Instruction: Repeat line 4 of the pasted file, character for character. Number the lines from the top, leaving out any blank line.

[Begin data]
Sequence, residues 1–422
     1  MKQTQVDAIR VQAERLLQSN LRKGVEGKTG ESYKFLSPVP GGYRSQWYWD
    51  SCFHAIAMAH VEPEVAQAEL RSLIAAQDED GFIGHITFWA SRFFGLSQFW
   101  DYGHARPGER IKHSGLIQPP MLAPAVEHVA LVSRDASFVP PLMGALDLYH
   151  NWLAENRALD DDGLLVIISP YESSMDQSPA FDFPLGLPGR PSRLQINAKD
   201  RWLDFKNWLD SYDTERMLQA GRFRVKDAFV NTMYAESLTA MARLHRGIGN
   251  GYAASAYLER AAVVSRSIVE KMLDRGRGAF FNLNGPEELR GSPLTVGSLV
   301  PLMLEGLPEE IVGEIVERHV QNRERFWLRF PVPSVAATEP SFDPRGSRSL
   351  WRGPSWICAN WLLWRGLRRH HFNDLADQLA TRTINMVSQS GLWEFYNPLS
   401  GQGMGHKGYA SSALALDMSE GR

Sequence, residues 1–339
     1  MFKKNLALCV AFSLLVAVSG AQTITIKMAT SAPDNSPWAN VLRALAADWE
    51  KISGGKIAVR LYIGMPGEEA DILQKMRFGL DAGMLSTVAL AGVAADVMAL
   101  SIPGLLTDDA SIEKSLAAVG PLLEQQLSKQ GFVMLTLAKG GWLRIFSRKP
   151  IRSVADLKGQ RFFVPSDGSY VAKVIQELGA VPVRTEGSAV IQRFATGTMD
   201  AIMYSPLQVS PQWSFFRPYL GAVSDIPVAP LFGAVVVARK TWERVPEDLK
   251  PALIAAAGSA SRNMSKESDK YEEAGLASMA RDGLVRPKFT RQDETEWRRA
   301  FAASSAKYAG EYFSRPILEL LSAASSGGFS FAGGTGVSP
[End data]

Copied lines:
   101  DYGHARPGER IKHSGLIQPP MLAPAVEHVA LVSRDASFVP PLMGALDLYH